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aggression on the Indians and their hon, reviewed, 483, &c.—occasional
revenge, 197—introduction of the remarks, 483-485-boundaries of
sugar cane, and its progress, 197, &c. Lord Baltimore's grant, 486—his
- Mr. Johnson's letter on, 199-201 contest with William Clayborne, ib.
paternal affection in an Indian, 202 -with William Penn, ib.-settle-
-removal of the Arcadians, 203— tlement of boundaries to the north,
shipping off obnoxious characters, 488—controversies in regard to the
204-cession to Spain of a portion west, 489, 490—first settlement un-
of Louisiana, ib.-Don Ulloa arrives der Calvert, 490—Clayborne and In-
to take possession, tat refrains from gle's rebellion, 491-contest with
formally doing so, 204—followed by the Parliament, ib.-governor Stone
Don Alexander O'Reilly, who com defeated, 492-troubles from Josiah
mits many atrocities, 205–208—inte Fendall, 492, 493-condition of the
rest felt in Louisiana in our struggle colonies in 1687, 494, 495-forma-
for independence, 208—instance of tion of Protestant Association, which
American gallantry and enterprise, transmits to the king charges against
ib.- the foundation of commercial the provincial government, who dis-
intercourse laid with the United possesses the proprietary and ap-
States by General Wilkinson, 209– points Sir Lionel Copley royal go-
Don Martin Navarro's sagacious com vernor, 496-seat of government
munication to the king, 210—Baron changed, 497—Annapolis, 498-Go-
de Carondelet's miscalculations re vernor Nicholson, 499_view of the
specting the western people, 211– colonies from 1689 to 1710, 500
retrocession of the territory to France, persecution of Catholics, 501—inter-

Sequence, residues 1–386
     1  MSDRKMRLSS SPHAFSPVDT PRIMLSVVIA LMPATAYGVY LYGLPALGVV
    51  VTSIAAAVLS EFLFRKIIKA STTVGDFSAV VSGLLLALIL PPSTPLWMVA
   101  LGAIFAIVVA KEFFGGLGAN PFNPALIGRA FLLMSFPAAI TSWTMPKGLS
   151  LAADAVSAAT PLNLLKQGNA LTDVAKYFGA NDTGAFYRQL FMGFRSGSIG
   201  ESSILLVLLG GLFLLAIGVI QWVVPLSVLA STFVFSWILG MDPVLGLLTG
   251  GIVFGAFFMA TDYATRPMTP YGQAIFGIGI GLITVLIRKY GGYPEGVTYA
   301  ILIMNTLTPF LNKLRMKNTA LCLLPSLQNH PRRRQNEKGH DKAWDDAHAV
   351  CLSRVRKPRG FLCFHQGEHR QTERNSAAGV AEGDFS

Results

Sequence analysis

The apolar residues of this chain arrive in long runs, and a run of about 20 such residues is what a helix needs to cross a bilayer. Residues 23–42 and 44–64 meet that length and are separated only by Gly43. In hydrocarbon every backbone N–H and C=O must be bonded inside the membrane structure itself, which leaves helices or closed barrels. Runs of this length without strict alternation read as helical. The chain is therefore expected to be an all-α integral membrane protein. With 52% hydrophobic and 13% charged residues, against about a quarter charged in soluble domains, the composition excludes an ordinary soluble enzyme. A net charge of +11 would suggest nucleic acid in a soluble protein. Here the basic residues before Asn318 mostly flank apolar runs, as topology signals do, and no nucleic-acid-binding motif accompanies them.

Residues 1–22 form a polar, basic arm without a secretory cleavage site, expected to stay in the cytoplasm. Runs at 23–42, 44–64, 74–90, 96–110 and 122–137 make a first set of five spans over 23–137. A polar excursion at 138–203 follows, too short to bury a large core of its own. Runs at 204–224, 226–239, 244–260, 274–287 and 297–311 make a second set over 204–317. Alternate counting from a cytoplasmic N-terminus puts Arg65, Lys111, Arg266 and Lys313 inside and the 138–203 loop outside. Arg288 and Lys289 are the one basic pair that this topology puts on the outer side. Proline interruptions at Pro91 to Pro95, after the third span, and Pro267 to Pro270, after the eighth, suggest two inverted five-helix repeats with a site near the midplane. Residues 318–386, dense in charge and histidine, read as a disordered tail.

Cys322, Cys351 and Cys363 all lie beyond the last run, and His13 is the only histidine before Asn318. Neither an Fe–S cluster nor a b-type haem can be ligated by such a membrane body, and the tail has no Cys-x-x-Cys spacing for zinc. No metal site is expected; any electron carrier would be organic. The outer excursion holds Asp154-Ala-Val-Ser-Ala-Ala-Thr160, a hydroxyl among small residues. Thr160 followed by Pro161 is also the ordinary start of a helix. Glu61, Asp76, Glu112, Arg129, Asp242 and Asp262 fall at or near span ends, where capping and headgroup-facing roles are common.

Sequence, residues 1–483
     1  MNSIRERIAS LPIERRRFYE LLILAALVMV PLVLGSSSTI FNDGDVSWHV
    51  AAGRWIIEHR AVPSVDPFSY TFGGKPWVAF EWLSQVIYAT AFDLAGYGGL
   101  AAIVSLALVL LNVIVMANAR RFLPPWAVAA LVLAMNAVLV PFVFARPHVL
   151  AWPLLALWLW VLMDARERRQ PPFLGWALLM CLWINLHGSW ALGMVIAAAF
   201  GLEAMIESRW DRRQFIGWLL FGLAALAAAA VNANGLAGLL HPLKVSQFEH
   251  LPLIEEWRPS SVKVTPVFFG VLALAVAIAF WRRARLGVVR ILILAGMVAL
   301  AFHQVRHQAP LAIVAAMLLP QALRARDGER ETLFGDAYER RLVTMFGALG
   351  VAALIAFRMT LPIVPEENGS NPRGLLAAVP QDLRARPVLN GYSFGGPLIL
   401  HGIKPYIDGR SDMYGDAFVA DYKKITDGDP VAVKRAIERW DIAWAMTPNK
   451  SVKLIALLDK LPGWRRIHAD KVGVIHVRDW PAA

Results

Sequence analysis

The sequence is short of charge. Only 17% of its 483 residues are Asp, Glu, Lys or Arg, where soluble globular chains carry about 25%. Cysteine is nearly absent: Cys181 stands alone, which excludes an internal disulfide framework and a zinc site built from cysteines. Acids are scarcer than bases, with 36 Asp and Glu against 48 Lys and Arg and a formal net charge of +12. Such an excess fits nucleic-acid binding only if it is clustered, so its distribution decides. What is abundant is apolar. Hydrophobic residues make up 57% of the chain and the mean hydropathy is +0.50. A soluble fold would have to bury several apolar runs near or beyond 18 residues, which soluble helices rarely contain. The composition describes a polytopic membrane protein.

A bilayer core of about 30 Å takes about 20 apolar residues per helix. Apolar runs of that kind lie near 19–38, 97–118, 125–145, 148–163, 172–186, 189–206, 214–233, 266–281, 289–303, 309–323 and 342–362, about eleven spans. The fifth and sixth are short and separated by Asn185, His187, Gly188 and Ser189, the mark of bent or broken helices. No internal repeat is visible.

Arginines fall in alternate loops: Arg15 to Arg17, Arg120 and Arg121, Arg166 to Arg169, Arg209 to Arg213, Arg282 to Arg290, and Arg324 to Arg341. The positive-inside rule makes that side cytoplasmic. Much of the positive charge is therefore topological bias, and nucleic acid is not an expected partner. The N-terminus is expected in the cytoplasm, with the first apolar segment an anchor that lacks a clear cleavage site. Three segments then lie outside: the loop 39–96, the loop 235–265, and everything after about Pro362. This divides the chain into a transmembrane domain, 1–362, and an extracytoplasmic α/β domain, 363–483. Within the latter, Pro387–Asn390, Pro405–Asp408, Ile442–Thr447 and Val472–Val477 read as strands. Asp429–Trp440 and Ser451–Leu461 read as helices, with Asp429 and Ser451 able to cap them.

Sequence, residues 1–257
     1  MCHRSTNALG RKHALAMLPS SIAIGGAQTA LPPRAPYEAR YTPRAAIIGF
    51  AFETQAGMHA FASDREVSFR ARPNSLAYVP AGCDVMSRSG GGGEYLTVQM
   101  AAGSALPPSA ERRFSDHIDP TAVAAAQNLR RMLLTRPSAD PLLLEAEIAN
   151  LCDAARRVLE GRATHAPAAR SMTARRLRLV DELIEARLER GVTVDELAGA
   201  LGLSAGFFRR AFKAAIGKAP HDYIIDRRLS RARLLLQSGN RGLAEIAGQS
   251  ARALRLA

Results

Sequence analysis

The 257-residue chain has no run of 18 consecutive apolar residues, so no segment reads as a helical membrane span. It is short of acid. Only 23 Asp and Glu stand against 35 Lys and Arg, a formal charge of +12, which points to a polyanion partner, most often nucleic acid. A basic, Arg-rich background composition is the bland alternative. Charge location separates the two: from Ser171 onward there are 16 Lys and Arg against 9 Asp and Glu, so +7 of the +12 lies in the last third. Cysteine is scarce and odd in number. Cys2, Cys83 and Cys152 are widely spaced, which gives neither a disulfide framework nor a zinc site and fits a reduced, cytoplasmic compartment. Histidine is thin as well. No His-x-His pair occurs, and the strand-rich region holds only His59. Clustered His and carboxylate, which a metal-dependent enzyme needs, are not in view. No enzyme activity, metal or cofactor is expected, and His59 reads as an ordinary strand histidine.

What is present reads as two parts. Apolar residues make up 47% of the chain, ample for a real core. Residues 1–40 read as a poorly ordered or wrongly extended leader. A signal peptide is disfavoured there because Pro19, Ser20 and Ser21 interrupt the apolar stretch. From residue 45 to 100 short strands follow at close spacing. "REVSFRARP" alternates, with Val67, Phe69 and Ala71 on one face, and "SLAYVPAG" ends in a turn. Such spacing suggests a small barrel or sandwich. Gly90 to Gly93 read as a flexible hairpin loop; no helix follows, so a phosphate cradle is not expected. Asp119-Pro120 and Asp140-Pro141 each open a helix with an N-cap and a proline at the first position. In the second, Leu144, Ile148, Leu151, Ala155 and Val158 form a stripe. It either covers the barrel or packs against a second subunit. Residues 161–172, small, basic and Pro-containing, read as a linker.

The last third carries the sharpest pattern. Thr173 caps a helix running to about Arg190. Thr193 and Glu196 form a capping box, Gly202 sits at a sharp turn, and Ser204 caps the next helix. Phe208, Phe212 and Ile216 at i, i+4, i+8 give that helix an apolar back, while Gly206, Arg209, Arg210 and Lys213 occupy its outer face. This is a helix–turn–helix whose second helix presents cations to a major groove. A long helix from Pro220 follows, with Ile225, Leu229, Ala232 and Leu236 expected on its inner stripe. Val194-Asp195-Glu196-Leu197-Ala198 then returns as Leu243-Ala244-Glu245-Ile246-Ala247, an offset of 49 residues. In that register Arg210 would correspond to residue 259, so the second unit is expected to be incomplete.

212, 213—cession to the United nal dissensions, 501, 502_resources
States, 214, 215—Burr's plot, and of Maryland at the commencement
General Wilkinson's proceedings, of the revolution, 503—resistance of
216–218—General Jackson's prepa colonies to aggressions, 504-case
rations for the defence of New-Or of Zachariah Hood, the distributer
leans, 218, 219-efforts to suspend
of stamps in Annapolis, 507, 508-
the writ of habeas corpus, 220–
proceedings of Assembly, 508–
battle of Orleans and subsequent
stamp paper retained on board the
proceedings of Jackson, 221-232– vessel, 509–proceeding in relation
banishing the French from New-Or to the tea, 511.
leans, 224-arrest of Louallier, 225 Matthews, Rev. Dr., notice of his ad-
-of Judge Hall, 226, 227—of Hol dress to the convention at New-York,
lander, 228-Jackson summoned be. 285.
fore Judge Hall, 230—his sentence, Memorial of the workers in iron of Phi-
ladelphia, notice of, 352, &c.
Monroe, James, bis part in the cession
of Louisiana to the United States,
Morgan, Lady, her France in 1829–30,
Mackenzie, Wm. Lyon, his catechism reviewed, 1, &c.—preparations for a
of education, notice of, 283.
tour, 2-Lady Morgan's parentage,
M’Mahon, John V. L. his Historical 3—marriage, 4-book-making pro-
View of Maryland, &c. reviewed,
pensity, 4,5—pernicious tendency of
483, &c. See Maryland.
her works, 5-reasons for severity in
Madison, James, his opinion upon the
regard to her, 6–her egotism, 7–
tariff and nullification, 453.
arrival at Calais, 8—the Diligence,
Maizeaux, M. de, his translation of La and difference between English and
tin verses in praise of tobacco, 143. French stages, 9-11-arrival at Paris,
Marbois, Barbé, bis History of Louisi 12–her horror at the prevalence of
ana, notice of, 186, &c. See Louis Anglomania in France, 13-15—tra.
velling in France, 16–want of mag-
Martin, François-Xavier, his History of nificent country seats, ib. number
Louisiana, reviewed, 186, &c. See of mendicants, 17-facility of making
acquaintance with fellow-travellers
Maryland, Historical View of the Go ib.--Lady Morgan's deductions as
vernment of, by John V. L. M'Ma-
sapient as those of the Hon. Frede.
rick de Roos, 18—her want of deco 84, 85-equilibrium of the particles
rum, 19—vanity, 20–becomes the of the earth, 85, 86_heat at the cen-
subject of the Parisians propensity tre, 86—consolidation of the surface
to ridicule, 22-notice of her works of the earth, 87-present appear-
in the Edinburgh and Quarterly Re ance of its surface, 88-chain of
view, 24-romanticism and classic mountains, 89_Malte Brun's ar-
ism in Paris, 26-interview with a rangement of mountains into con-
romanticist, 27, 28—with a classicist, nected systems, 90-basins, rivers,